The YES strategy entails generating option premium income through the strategic sale and purchase of SPX (S&P 500) index option spreads.  This strategy, which is also sometimes referred to as an “Iron Condor” spread, involves writing two vertical options spreads – a bear call spread and a bull put spread.  Thus, this strategy entails four different options contracts, each with the same expiration date and differing exercise prices.  The “Iron Condor” strategy involves writing both a short put and a short call against the SPX, with these naked, or uncovered, options are designed to generate income for the investor via the receipt of premium.  Further, the “Iron Condor” strategy involves writing both a long put and long call against the SPX, with these trades, or options legs, designed to mitigate the risk associated with the uncovered options positions.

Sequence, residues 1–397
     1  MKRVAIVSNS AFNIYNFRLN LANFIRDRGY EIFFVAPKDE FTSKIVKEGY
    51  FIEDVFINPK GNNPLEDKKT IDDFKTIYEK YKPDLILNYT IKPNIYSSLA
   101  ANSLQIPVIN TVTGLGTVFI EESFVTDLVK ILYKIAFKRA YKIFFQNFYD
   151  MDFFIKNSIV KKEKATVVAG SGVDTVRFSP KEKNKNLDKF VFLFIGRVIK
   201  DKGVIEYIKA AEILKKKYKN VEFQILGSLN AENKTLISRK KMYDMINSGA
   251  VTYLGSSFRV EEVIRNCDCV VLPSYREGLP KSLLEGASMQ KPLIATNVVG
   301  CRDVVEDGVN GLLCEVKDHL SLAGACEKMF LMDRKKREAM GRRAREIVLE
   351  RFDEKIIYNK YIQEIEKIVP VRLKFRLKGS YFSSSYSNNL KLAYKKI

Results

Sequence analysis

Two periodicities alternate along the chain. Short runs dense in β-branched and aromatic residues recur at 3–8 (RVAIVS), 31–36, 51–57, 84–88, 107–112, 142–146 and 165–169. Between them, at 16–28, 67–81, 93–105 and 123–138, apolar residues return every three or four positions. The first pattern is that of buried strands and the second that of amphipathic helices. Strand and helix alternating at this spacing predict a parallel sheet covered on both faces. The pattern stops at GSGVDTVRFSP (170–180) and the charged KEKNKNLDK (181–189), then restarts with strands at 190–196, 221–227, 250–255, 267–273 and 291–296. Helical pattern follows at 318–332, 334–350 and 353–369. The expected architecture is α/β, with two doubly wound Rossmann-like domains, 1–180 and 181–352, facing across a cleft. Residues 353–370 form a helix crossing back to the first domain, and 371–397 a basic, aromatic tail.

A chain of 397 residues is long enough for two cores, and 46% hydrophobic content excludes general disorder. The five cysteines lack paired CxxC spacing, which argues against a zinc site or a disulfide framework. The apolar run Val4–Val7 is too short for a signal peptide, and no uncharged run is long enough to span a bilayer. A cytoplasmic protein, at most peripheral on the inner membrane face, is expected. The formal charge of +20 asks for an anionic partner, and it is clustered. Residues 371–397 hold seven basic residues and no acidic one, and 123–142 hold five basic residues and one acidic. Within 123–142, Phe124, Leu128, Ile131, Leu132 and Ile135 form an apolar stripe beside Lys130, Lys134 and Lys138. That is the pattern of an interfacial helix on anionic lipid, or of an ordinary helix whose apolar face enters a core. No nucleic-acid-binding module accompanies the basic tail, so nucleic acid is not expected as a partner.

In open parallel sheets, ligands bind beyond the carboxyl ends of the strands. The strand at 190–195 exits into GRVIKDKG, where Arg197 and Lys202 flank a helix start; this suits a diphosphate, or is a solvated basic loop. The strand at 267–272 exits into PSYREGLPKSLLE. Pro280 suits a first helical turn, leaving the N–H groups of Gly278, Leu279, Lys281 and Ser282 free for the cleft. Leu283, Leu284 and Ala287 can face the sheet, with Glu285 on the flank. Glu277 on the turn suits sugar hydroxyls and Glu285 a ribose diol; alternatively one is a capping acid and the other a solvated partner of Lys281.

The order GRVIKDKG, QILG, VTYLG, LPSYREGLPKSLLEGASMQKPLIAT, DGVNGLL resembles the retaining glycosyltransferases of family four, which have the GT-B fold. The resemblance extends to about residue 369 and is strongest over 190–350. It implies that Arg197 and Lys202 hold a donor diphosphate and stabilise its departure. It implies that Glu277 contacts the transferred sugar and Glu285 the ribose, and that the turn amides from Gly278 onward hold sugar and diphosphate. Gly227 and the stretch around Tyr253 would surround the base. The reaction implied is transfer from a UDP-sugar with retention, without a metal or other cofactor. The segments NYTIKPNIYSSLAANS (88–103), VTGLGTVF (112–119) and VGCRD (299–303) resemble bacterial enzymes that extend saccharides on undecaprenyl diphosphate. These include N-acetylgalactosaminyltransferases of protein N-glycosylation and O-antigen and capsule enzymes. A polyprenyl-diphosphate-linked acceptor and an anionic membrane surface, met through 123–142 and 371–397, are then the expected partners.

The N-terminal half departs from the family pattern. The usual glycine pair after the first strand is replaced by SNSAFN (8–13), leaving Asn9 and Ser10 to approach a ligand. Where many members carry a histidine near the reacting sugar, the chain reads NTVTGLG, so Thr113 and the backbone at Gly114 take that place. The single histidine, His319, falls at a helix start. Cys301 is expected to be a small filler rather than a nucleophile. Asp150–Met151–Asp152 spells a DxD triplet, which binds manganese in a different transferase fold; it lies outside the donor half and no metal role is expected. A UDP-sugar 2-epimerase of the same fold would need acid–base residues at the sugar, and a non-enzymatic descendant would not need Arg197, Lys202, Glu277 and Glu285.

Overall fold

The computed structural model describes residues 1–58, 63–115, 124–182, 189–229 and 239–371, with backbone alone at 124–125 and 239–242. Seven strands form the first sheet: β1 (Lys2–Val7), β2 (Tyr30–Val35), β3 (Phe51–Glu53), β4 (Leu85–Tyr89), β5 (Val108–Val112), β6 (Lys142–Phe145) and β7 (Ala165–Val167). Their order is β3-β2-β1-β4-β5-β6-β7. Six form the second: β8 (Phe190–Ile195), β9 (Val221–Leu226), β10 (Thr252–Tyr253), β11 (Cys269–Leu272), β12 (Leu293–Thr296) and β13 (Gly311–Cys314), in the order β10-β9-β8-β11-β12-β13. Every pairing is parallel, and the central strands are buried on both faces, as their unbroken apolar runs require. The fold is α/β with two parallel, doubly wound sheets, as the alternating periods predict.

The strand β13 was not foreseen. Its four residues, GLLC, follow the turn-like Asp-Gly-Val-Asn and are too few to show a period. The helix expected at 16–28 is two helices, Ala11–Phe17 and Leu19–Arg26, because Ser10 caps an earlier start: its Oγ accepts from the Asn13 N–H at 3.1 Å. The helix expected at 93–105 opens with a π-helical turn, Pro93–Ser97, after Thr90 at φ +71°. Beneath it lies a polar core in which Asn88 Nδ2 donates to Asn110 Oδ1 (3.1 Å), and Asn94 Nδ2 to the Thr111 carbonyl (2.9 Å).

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BuildingInvestors in Strategic Realty Trust, Inc. (“SRT” or the “Company” — formerly known as TNP Strategic Retail Trust, Inc.), a REIT based in San Mateo, California, may face principal losses if they attempt to sell their shares in the illiquid and fragmented secondary market.  SRT invests in and manages a portfolio of income-producing properties, including various shopping centers, primarily in Western U.S. locations.  Structured as a Maryland corporation that qualifies as a REIT, SRT was formed in September 2008.  By August 2009, the Company had initiated its public offering at $10 per share for up to $1 billion in investor equity.